10 Great Novels on Freedom of Expression That Aren’t 1984
Jonathan Lee Recommends Stories of the Personal and Political
Recently I spent a while looking through a lot of novels in a New York bookstore. Two words that caught my eye among all the descriptions of plot on covers and French flaps were timeless and universal. There were novels described as timeless love stories, and there were novels described as timeless family sagas. I picked up universal meditations on marriage, and universal explorations of friendship, and universal tales of courage in the face of X or Y. I admire a lot of the books that end up suffering these descriptions, but lately I can’t help wondering: what’s with all the timelessness and universality? It’s almost as if we think there’s something shameful about setting a story in a particular time or place or political climate.
If the usual pleasure I take in escapism seems to have gone on a brief vacation, it’s also true that I don’t want to spend the rest of 2017 endlessly re-reading 1984. In that impasse, I’ve been seeking out a range of novels rooted in specific political or societal moments. Most of all, I’ve been in the mood for fiction that explores freedom of expression and freedom of thought in subtle, engaging ways, blending the personal and the public without getting preachy. Here are ten novels that I recommend—a good starting point for many more.
Pereira Maintains, Antonio Tabucchi (trans. Patrick Creagh)
This extraordinary novel, first published in 1994, is set in a sweltering summer in 1930s Portugal. It follows the story of Pereira, a journalist for the culture column of a small Lisbon newspaper, as he struggles with his conscience and the restrictions imposed on his writing by the fascist regime of Antonio Salazar. When he meets a young activist named Monteiro Rossi, all Pereira’s past attempts to lead an apolitical life begin to fill him with shame. The most chilling thing about this novel is the way Tabucchi has structured it, from the very first line, as a piece of testimony given under duress—a forced instance of extended expression: “Pereira maintains he met him one summer’s day . . .”
The Flamethrowers, Rachel Kushner
This novel does so much in its 383 pages—visits so many places, toys with so many ideas. Kushner’s exploration of political turbulence in 1970s Italy is as fascinating as her scenes of artists colonizing an industrial SoHo, staging actions in the East Village, blurring the line between activism and art. In both its attention to language and its subject matter, The Flamethrowers shines a light on the value and fragility of freedom of expression. “All you could do with words,” one character says, “was turn them on their sides like furniture during a bombardment.”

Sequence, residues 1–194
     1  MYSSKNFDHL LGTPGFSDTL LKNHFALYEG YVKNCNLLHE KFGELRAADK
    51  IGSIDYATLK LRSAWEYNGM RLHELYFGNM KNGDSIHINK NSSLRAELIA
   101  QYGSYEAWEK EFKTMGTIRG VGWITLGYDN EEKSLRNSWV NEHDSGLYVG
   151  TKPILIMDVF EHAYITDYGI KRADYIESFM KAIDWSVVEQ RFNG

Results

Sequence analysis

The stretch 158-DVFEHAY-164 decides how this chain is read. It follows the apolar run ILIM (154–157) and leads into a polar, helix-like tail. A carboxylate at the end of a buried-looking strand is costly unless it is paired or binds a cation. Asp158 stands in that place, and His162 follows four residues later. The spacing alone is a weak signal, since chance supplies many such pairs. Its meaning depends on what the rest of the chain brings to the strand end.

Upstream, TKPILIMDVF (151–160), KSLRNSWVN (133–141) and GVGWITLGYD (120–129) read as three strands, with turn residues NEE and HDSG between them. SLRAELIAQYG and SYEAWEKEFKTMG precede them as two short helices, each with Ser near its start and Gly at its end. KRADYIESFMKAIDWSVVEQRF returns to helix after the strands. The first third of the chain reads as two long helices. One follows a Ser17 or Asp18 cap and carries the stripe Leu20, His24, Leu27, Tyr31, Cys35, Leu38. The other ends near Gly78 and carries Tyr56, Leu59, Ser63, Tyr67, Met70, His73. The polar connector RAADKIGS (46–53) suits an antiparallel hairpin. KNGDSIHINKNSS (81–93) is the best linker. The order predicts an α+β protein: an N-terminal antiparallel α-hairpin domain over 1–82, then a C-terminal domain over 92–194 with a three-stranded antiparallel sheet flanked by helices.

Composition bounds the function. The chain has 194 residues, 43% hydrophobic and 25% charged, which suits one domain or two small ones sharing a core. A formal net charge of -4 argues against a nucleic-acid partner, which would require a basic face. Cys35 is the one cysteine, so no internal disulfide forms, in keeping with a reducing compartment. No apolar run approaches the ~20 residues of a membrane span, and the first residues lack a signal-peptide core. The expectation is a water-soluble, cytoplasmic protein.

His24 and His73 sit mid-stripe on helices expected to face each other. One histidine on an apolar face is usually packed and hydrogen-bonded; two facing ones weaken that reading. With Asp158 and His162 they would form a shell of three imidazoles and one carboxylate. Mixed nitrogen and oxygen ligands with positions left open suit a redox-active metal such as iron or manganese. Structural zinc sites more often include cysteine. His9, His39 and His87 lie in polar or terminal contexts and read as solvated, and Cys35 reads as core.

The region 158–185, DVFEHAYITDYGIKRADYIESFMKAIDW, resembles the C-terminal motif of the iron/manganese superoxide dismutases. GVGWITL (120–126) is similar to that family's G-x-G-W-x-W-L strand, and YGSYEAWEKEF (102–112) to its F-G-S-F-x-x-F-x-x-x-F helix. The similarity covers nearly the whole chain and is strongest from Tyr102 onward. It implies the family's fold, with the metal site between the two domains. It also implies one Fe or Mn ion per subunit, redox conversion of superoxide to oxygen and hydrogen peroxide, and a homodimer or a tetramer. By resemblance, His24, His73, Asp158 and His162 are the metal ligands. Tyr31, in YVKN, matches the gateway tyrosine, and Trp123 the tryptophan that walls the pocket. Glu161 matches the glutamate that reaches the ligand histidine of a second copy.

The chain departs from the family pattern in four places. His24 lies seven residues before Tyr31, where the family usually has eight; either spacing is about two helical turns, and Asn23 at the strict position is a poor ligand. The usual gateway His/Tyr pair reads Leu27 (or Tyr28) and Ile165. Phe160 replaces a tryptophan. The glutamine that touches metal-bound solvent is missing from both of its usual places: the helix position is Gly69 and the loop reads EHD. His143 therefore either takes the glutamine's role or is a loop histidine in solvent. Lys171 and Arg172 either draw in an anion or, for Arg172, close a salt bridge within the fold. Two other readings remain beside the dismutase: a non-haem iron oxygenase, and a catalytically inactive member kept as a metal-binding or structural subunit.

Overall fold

Go Tell It on the Mountain, James Baldwin
John Grimes, the teenager at the heart of James Baldwin’s first novel, is a smart, confused adolescent boy in 1930s Harlem—the stepson of the minister of a storefront Pentecostal church. This is a coming-of-age story about a boy’s search for a means of expressing his own sexuality and spirituality, set against a backdrop of larger social and political repressions. When Baldwin writes of John’s heart hardening against religion, and against his father, we see that he is also beginning to question the wider freedoms withheld from African-Americans in his community.
Le Silence de la mer (The Silence of the Sea), Jean Bruller (trans. Cyril Connelly)
A German officer is forced to occupy the home of a French girl and her aging uncle in Chartres during the Second World War. The family’s act of resistance against this outsider comes from just one act: silence. They refuse to let him access their story. Written in 1941 in France, and published secretly a year later in Paris by the underground press Editions de Minuit, this novel became the first in a series of works by members of the French Resistance that threw light on oppression and censorship across Europe.